Marilyn Scales is a field editor for the Canadian Mining Journal, Canada’s first mining publication. She is one of Canada’s most senior mining commentators.
That’s a headline guaranteed to make any gold bug sit up and take notice. What individuals think this means remains ripe for discussion.
It’s no secret that the price of gold is dropping. It closed at $1,088.60 on July 22, the second lowest level since January 2010. (In February 2010 the price bottomed out at $1,058.50.) [All figures in US dollars.]
Why so low? Ideas differ. There is discussion about the United States raising interest rates in the short term. The stronger US dollar is gaining favour by individuals and institutions. China is reportedly selling its gold reserves. Gold demand in India is not enough to pick up the slack.
Worse yet, some analysts are predicting a further fall to $1,000 per oz.
Gold producers are swaying under a mountain of debt, estimated to be more than $30 billion, a monumental rise from less than $5 billion in 2007.
Stock prices of gold miners are at their lowest levels since 2001 – and we had a global financial meltdown between then and now.
And gold production is at its highest level in history. In 2014 it was approximately 3,100 tonnes. How can than be as the price falls? Producers took advantage of the rising price that peaked at $1,875 per oz in 2011. Work to increase output, both with new and expanded projects, was initiated, those decisions pumped more ounces into the market even as the price began its long slide by the end of that year.
The all-in sustaining cost to produce an ounce of gold is a reasonable measure of how close to uneconomic some mines are. This is a far more indicative benchmark that the cash cost of production because AISC assigns more types of spending (development, exploration, sustaining capital, administration, and rehabilitation) to the total. Even AISC underestimates the all-in costs when all on- and off-site costs are considered.
The difference between AISC and all-in costs can be decreased by various cost cutting measures. Canada’s gold miners have embraced paying down debt, reducing their workforces, selling non-core assets, mining higher grades, and more. The strategy has worked. Figures published by MineWeb.com in April 2015 put the 2014 average all-in cost of gold mining at $1,314 per oz, a 25% drop from the 2013 figure.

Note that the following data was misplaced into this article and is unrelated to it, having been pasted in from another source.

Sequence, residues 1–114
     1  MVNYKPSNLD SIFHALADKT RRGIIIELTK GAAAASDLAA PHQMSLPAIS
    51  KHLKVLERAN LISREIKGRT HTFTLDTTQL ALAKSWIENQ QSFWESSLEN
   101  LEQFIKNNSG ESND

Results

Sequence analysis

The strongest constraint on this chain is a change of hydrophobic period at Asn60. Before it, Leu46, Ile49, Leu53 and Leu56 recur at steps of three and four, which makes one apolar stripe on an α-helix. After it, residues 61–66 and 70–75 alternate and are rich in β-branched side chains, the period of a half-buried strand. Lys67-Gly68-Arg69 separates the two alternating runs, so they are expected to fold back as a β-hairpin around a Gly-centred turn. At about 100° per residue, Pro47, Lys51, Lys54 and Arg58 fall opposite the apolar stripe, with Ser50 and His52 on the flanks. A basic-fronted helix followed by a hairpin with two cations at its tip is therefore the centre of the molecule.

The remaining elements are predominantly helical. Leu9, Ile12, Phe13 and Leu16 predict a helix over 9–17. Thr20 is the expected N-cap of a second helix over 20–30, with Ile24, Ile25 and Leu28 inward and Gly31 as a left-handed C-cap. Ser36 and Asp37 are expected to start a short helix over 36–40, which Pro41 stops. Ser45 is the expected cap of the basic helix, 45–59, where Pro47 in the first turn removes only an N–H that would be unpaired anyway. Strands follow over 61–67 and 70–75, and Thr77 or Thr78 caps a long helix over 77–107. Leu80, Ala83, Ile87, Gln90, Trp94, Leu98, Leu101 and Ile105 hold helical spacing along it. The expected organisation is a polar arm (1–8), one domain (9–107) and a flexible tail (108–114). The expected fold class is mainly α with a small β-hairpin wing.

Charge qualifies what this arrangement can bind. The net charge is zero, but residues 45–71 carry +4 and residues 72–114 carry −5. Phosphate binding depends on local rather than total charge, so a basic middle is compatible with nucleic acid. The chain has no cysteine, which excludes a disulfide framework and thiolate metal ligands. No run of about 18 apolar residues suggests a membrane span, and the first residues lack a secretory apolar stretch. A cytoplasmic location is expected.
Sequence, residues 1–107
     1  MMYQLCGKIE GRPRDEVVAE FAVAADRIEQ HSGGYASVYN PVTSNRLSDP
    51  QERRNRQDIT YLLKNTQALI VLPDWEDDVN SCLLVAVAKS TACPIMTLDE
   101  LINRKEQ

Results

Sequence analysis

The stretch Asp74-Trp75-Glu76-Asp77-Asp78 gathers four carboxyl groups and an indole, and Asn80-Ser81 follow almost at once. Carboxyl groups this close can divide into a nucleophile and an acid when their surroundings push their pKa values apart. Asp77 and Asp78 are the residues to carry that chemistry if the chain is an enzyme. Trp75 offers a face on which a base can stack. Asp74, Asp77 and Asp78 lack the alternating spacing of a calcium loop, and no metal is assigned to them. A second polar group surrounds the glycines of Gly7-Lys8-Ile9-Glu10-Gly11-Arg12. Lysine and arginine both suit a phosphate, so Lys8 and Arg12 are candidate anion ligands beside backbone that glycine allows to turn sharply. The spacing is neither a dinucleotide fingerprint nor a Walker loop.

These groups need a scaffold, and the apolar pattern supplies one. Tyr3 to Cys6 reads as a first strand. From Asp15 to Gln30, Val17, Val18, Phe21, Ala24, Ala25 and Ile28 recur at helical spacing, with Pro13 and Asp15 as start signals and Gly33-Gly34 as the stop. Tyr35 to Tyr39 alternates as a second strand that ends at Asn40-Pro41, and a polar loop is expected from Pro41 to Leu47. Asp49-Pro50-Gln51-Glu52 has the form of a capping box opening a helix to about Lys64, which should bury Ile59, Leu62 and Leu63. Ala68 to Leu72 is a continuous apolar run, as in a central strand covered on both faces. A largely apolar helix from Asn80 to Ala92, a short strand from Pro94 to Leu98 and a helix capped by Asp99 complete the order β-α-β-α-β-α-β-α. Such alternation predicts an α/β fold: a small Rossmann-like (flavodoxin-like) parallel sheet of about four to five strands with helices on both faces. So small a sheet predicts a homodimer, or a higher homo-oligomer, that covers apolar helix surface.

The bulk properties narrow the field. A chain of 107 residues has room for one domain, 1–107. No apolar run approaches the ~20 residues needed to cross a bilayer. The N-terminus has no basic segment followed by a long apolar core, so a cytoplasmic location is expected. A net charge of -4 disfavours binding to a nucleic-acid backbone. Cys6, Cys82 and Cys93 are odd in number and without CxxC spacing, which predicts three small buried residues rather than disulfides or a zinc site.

Let’s take a look selected Canadian gold miners and see what their AISC were for the first quarter of 2015.
- Agnico Eagle Mines held the course with AISC of $867 per oz produced, one dollar less than the first quarter of 2014.
- Barrick Gold reported AISC of $927 per ounce in. The company benefits from significant by-product credits from its copper production, but it still warned stakeholders that AISC was expected to rise in Q2. All-in costs reached $1,024 per oz.
- Goldcorp said its AISC in was $565 per oz, significantly higher than $507 for the corresponding quarter a year earlier. All-in costs reached $1,210 per oz in Q1 2015, more than a hundred bucks below the abysmal gold price.
- Iamgold reduced its AISC to $1,113 per oz, down $23 from Q1 2014. The company is offering full year guidance of $1,075 to $1,175 per oz, so the end-year-numbers will tell the tale.
- Kinross Gold posted an AISC of $964 per AuEq oz, compared to $727 a year earlier. All-in cost per gold equivalent ounce sold was $1,054, dangerously close to the price per ounce but better than a year earlier when the same all-in cost was $1,110.
- Timmins Gold said its cash costs were $693 and its AISC was $777 per oz.
- Yamana Gold reported an AISC of $893 per oz of gold and $10.45 for silver.
Not every producer made their Q1 2015 AISC readily available. Instead, some year end 2014 numbers were to be found:
- Centerra Gold offered and AISC of $852 per oz for the 12 months of 2014.
- New Gold put its 2014 number at $779 and offered a reduced estimate of its AISC for 2015 at $765 per oz.
- Semafo said it will cut its AISC to $730 per ounce this year from $806 last year.
AISC estimates for other gold miners were found in the most recent Timmins Gold presentation for these companies: Alamos Gold ($954/oz), AuRico Gold ($1,172/oz), B2Gold ($954), Detour Gold ($1,139/oz), Kirkland Lake Gold ($1,245/oz), Lake Shore Gold ($1,072/oz), and Primero Mining ($1,014). Timmins Gold estimated the numbers to point out its own low AISC.
Note that as the producers get smaller their AISC generally rise. Remember, too, that individual mines may have high costs but large, low cost mines or by-product credits can help keep a company in the black.
So is the one in 10 estimate of money losing gold miners accurate? Perhaps on an individual mine basis. Perhaps if all the smallest producers from around the world are taken into account.
Common sense might say that shutting down the highest cost gold mines to lower AISC and reduce supply is the way to go. But miners are not in any hurry to do that, as the price of gold depends less on the supply-demand equation than on a myriad of global socio-economic conditions.
What the future of the gold sector will be is unknown. Individuals can search the internet for any number of bloggers or authorities that will bolster their opinions, no matter what they want the answer to be.
That the gold situation will remain extremely fluid, is about all this writer can say.